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Osteomalacia is softening of the bones due to a lack of vitamin D or a problem with the body's ability to break down and use this vitamin.

Complications of Osteomalacia

If you have osteomalacia, you're more likely to experience broken bones, particularly in your ribs, spine and legs.

Causes of Osteomalacia

The softer bones seen in persons with osteomalacia have a normal amount of collagen, which gives the bones its structure, but lack the proper amount of calcium.

There are numerous causes of osteomalacia. In children, the condition is called rickets and is usually caused by low levels of vitamin D.

Other conditions that may lead to osteomalacia include:

  • Not enough vitamin D in the diet
  • Not enough exposure to sunlight, which produces vitamin D in the body
  • Malabsorption of vitamin D by the intestines

Use of very strong sunscreen, limited exposure of the body to sunlight, short days of sunlight and smog are factors that reduce formation of vitamin D in the body. The elderly and those who avoid drinking milk are at increased risk for osteomalacia.

Other conditions that may cause osteomalacia include:

  • Cancer
  • Hereditary or acquired disorders of vitamin D metabolism
  • Kidney failure and acidosis
  • Liver disease
  • Phosphate depletion associated with not enough phosphates in the diet
  • Side effects of medications used to treat seizures

Signs & Symptoms of Osteomalacia

In the early stages, you may have no osteomalacia symptoms, although signs of osteomalacia may be apparent on X-ray pictures or other diagnostic tests. As osteomalacia worsens, you may experience bone pain and muscle weakness.

Bone pain

The dull, aching pain associated with osteomalacia most commonly affects the:

  • Lower spine
  • Pelvis
  • Legs

Muscle weakness

Osteomalacia may result in:

  • Decreased muscle tone
  • Weakness in your arms and legs
  • Reduced ability to get around
  • A waddling gait

Diagnosis of Osteomalacia

In order to pinpoint the underlying cause of osteomalacia and to rule out other bone disorders, such as osteoporosis, you may undergo one or more of the following tests:

  • Blood and urine tests. In cases of osteomalacia caused by vitamin D deficiency or by phosphorus loss, abnormal levels of vitamin D and the minerals calcium and phosphorus are often detected.
  • X-ray. Slight cracks in your bones that are visible on X-rays, referred to as Looser transformation zones, are a characteristic feature of people with osteomalacia.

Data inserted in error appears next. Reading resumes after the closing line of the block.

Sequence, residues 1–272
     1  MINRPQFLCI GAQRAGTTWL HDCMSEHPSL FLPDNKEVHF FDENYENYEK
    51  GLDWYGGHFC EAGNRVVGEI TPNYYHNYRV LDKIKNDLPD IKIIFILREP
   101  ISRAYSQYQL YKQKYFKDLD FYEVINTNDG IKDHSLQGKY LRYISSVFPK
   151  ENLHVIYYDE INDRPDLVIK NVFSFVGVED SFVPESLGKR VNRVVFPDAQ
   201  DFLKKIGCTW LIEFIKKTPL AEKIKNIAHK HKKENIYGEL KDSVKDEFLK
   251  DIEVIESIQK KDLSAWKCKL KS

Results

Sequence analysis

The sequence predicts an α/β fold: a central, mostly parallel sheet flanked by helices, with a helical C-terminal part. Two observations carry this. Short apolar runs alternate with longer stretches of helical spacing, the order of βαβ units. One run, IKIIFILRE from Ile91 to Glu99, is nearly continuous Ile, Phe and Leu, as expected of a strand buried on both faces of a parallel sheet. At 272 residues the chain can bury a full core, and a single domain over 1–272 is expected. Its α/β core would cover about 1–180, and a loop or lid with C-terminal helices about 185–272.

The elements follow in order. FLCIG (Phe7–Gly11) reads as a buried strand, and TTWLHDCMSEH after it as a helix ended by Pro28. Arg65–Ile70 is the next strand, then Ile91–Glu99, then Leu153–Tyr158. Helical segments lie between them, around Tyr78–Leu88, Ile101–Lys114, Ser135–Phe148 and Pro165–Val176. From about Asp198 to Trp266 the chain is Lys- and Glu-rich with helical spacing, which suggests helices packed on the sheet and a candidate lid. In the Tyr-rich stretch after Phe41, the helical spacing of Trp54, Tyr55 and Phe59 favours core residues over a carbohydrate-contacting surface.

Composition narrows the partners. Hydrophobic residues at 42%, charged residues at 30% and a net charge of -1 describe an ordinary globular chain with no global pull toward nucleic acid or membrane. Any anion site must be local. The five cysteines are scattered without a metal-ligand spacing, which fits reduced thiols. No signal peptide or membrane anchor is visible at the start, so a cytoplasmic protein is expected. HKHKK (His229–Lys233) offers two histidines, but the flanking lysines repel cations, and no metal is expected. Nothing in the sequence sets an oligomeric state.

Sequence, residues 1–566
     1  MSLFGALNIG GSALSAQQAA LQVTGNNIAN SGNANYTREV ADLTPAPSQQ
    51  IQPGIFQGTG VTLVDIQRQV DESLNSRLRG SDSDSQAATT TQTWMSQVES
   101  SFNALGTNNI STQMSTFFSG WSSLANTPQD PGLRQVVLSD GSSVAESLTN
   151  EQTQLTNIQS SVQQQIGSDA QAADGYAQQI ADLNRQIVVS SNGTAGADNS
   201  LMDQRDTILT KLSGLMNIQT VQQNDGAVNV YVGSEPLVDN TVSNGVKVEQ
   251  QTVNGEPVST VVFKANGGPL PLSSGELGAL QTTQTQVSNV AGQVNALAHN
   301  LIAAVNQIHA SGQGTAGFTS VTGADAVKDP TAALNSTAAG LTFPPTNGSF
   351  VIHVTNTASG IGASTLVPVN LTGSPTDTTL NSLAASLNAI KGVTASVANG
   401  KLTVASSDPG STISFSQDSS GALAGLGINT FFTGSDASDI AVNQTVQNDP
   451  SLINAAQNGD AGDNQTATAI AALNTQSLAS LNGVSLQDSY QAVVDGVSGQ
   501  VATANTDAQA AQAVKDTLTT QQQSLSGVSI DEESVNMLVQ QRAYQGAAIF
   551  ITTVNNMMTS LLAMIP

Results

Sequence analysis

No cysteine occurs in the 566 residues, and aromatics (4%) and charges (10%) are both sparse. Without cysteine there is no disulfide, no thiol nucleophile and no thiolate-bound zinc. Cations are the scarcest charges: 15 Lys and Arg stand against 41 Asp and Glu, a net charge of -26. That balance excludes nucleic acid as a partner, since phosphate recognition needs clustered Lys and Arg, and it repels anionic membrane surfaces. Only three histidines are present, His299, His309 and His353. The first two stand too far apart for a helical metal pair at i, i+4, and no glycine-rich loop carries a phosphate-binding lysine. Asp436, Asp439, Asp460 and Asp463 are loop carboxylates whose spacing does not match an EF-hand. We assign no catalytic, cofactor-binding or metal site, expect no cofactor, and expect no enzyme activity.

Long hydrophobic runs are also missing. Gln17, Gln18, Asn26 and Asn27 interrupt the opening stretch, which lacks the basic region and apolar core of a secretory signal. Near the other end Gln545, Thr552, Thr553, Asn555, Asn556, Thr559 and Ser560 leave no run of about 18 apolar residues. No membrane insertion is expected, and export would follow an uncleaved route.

• Bone biopsy. During a bone biopsy, your doctor inserts a slender needle through your skin and into your bone to withdraw a small sample for viewing under a microscope. Although a bone biopsy is very accurate in detecting osteomalacia, it's not often needed to make the diagnosis.

Treatments of Osteomalacia

  • Treatment may involve vitamin D, calcium, and phosphorus supplements, taken by mouth. Larger doses of vitamin D and calcium may be needed for people who cannot properly absorb nutrients into the intestines.
  • Regular blood tests may be needed to monitor blood levels of phosphorus and calcium in persons with certain underlying conditions.

Prevention of Osteomalacia

Osteomalacia caused by inadequate sun exposure or a diet low in vitamin D often can be prevented. Here are a few suggestions to help reduce your risk of developing osteomalacia:

  • Spend a few minutes in the sun. For most people, 15 minutes of direct sun exposure a couple of times a week is sufficient for proper vitamin D production.
  • Eat foods high in vitamin D. These include foods that are naturally rich in vitamin D, including oily fish (salmon, mackerel, sardines) and egg yolks. Also look for foods that are fortified with vitamin D, such as cereal, bread, milk and yogurt.
  • Take supplements, if needed. If you don't get enough vitamins and minerals in your diet or if you have a medical condition affecting the ability of your digestive system to absorb nutrients properly, ask your doctor about taking vitamin D and calcium supplements.

When to seek Medical Advice

Call for an appointment with your health care provider if you have symptoms of osteomalacia, or if you think that you may be at risk for this disorder.

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